[Editors Note: Coronavirus disease 2019 (COVID-19) is an infectious viral respiratory disease caused by severe acute respiratory syndrome coronavirus 2 (SARS-CoV-2), also known as “novel coronavirus.” Reports in December 2019, from Wuhan, China, first cited the disease, which has spread globally, resulting in the 2019–20 coronavirus pandemic that affects people and businesses worldwide.]

COVID-19 may be impossible to contain.

SARS (severe acute respiratory syndrome) and MERS (Middle East respiratory syndrome) are diseases caused by coronaviruses that tend to kill their hosts, making them less successful when it comes to mass spread. The coronaviruses that thrive in humans seem to have evolved for successful spreading. They don’t kill their hosts.

“I think the likely outcome is that it will ultimately not be containable.” – Marc Lipsitch, Harvard epidemiology professor”

The novel coronavirus may end up becoming the 5th coronavirus that lingers in the human population. Its mortality rate, at around 2%, is certainly higher than that of the common cold, but for many its symptoms aren’t easily recognizable. A hint of this characteristic emerged early when 14 Americans disembarked from a Japanese cruise ship feeling just fine, though they’d tested positive for COVID-19. Widespread testing in asymptomatic people is the only way to know whether current predictions about the spread of the disease are correct.

COVID-19 may join the common cold and flu as a seasonal hazard.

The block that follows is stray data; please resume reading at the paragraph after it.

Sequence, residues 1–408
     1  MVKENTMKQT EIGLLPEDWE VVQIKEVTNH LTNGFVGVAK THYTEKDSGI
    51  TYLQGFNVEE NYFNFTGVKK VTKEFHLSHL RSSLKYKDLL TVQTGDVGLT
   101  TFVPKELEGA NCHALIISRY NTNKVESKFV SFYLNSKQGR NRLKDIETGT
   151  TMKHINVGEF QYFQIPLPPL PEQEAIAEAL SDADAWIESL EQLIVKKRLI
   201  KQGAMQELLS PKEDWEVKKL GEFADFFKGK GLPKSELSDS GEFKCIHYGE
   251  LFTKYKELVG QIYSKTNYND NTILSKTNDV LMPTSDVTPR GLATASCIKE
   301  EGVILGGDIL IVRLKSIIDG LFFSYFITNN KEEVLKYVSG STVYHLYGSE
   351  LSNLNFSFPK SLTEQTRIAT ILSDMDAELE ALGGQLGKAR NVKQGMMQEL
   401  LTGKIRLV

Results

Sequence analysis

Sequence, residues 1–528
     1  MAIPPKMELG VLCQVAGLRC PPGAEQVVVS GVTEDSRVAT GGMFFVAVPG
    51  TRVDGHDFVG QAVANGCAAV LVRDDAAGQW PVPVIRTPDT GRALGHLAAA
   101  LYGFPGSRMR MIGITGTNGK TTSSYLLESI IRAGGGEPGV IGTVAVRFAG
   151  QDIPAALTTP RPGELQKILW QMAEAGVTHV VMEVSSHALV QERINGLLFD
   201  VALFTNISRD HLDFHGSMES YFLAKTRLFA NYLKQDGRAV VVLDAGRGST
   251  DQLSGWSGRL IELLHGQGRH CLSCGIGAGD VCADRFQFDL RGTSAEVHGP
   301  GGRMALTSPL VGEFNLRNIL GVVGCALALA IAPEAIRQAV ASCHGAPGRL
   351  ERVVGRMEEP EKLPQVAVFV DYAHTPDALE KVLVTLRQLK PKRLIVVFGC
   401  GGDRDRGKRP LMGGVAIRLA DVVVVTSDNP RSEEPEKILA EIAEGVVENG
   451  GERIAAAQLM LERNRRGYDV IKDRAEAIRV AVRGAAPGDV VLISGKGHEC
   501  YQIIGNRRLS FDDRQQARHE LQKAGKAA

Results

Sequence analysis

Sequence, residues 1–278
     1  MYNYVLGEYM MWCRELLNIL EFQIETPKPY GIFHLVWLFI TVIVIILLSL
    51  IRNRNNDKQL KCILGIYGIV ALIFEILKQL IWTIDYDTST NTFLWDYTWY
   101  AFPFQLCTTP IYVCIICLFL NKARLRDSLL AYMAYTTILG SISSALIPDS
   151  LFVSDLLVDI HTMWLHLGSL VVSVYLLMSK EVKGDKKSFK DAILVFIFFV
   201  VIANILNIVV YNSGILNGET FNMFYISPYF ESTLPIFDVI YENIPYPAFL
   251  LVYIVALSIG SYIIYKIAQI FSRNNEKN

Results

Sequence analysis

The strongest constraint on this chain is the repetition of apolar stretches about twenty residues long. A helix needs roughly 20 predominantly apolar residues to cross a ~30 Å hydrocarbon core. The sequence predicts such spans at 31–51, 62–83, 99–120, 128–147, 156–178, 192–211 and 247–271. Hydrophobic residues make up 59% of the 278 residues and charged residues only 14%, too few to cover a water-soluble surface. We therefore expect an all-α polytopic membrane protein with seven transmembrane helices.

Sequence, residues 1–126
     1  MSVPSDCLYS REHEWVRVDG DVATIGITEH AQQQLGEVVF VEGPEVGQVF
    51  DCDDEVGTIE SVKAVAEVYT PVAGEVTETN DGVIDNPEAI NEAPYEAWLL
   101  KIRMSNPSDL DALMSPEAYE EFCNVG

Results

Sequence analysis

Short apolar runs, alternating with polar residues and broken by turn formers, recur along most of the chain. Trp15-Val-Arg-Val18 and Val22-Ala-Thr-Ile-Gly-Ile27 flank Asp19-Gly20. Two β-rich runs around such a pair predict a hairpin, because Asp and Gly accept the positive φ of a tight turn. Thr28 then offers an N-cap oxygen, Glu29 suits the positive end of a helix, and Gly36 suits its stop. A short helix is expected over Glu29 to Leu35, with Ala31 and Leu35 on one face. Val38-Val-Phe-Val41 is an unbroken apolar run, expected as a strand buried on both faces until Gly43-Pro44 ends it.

Worldwide containment measures for COVID-19 were swift, in some cases extreme, and largely ineffective. The practice of testing only those who have symptoms doesn’t protect the larger population. On February 21st, JAMA [Journal of the American Medical Association] published a report of an asymptomatic man who appears to have spread the virus despite a normal chest CT.

“With its potent mix of characteristics, this virus is unlike most that capture popular attention: It is deadly, but not too deadly. It makes people sick, but not in predictable, uniquely identifiable ways.”

Harvard epidemiologist Marc Lipsitch suggests that infection rates will hover between 40-70% within a year, but many cases will be so mild that they won’t require medical care. Humans don’t seem to develop a robust immunity to the other four endemic coronaviruses. If the same holds true for the novel coronavirus, COVID-19 may join the common cold and the flu as a predictable seasonal illness.